Like many New Zealanders, I know James Belich through his TV work – he’s a kind-of bearded version of Simon Schama, except in a more earthy coloured suit. Or perhaps he’s history’s David Bellamy. Either way, his grasp of detail amid the sweep of history is made more engaging because his content is so much more local.
His session at the New Zealand Post Readers and Writers Week filled more than half of the Embassy Theatre and his reading showed that his new work, Replenishing the earth, is centred on exploring settlement as it happened in New Zealand and comparing it to various examples of settlements around the world.
At its heart is the boom and bust rhythm of the massive migrations of settlers from 1793 to 1939. It laid the basis for the British and American economic wealth as the trade flow went back and forth and the Napoloeonic wars hamstrung expansion of other European powers.
The scope of Belich’s research is quite breathtaking – Argentina, Siberia, the US and Canada, South Africa and Australia. He said it was easy to laugh at the grandiose prophesies of the boom mentality, but at the time there was no set of limits. Chicago, for instance, went from a population of 50 to 1.1million in a single lifetime. A population could double in ten years – imagine Christchurch having a million people in 2020. Or New Zealand having eight million.
The idea that fortunes could be made and the endless plenty of nature would never subside drove a change in population and geography that had far further-reaching and longer-lasting implications than the imperialism of empire expansion. This idea was also discussed at Simon Schama’s Town Hall Talk when Schama said the first decade of the 21st century will be remembered as the time when this kind of economics were given a reality check.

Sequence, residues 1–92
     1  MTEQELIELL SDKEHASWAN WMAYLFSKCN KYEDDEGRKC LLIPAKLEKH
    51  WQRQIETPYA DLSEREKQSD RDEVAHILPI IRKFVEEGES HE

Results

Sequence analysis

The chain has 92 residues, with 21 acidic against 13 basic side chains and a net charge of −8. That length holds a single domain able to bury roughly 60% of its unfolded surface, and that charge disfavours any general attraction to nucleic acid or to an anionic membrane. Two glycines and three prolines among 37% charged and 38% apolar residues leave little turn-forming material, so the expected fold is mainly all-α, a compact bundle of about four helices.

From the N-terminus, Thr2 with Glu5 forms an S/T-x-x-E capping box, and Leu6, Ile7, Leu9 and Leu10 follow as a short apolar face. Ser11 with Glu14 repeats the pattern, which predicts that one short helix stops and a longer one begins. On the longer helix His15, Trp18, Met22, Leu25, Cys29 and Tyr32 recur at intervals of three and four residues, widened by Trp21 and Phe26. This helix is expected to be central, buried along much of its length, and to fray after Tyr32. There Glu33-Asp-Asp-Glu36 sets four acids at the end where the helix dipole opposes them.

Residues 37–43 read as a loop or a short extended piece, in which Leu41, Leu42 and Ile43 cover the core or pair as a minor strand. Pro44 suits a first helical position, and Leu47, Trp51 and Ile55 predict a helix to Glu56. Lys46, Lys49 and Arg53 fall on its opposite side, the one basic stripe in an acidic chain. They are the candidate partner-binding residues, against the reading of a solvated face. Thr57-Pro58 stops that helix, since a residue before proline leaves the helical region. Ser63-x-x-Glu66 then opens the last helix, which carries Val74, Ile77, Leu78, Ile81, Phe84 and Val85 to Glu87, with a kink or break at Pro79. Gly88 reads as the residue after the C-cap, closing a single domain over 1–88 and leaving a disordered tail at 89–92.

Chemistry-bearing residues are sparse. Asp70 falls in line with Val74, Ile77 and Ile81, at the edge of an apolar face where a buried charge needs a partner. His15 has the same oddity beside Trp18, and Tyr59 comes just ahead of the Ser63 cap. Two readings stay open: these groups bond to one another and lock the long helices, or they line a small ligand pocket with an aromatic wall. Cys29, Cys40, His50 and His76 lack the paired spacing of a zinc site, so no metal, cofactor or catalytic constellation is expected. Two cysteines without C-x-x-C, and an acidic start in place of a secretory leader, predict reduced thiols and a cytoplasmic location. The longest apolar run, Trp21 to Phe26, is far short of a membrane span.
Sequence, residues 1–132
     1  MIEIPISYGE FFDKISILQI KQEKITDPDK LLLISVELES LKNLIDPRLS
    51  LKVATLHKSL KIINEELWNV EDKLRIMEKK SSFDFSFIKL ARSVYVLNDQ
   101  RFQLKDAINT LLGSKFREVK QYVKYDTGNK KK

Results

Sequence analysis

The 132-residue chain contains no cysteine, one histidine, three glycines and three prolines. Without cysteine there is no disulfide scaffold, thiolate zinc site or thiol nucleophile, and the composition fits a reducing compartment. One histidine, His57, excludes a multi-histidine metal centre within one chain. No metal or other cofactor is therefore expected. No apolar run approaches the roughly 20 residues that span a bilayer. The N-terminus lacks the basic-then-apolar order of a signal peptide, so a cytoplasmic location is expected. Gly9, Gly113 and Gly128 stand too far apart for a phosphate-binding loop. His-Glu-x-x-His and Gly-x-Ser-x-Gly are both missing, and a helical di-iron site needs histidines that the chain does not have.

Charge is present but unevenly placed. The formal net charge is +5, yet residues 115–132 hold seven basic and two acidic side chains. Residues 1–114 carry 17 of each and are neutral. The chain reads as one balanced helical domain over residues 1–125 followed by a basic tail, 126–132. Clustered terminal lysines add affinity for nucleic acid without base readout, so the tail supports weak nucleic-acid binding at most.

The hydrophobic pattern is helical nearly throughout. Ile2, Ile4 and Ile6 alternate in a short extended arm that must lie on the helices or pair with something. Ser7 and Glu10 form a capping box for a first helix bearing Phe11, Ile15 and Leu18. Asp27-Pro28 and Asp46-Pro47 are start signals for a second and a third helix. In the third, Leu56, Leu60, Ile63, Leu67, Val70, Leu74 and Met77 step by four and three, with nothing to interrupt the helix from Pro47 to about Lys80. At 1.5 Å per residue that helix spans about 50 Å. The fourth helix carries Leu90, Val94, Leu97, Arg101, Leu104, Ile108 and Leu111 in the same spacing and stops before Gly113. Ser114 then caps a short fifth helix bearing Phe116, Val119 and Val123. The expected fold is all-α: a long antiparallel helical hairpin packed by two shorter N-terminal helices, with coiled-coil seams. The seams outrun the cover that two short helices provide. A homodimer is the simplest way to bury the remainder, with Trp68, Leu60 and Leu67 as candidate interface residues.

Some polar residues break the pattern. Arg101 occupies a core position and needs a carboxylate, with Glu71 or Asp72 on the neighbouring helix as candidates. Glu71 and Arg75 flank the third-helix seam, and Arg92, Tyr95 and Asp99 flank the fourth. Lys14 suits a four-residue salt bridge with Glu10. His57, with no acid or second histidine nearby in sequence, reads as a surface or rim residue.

Whereas the empire needed indigenous populations, settlers were indifferent to them and chewed them up and spat them out. Belich brought it all to life with immense detail.
“Pigs were the sewerage system … the streets have no names … think of a shanty town building site full of anthills of humans.”
Interesting too was the role of technology – wind, water and wood technology was widely available and combined with mining and iron technology it “fused and merged” to help fuel the booms. The busts were big too – New Zealand on its own has 240 ghost towns, he said.
Belich said “getting under the skin of history”, in a similar way as historical novels, was where the fun lay for him; getting past the cardboard cutouts. His work was moving more toward historical analysis – turning other historians into unpaid research assistants.
Quotable quote: Historical scholars were less confident in their discipline than the public – “they keep stabbing the horse they’re riding”.
I was really looking forward to this session after hearing Derek Johns speak earlier at the festival. Obviously, so were lots of other people as the Downstage Theatre, a brutalist structure that would be at home in any corner of Christchurch, was packed to the gunnels.
Noel Murphy from the New Zealand Book Council did the appropriate thing for any discussion about publishing and made sure everyone had a drink – water of course -and then abruptly copped some unnecessary flak for talking too fast. There were also some yelps about lack of volume, but as the guests were introduced – Johns (A P Watt), Michael Heywood (Text), Sam Elworthy (Auckland University Press) and Laurie Chittenden (HarperCollins) – the audience mostly composed themselves and got on with listening.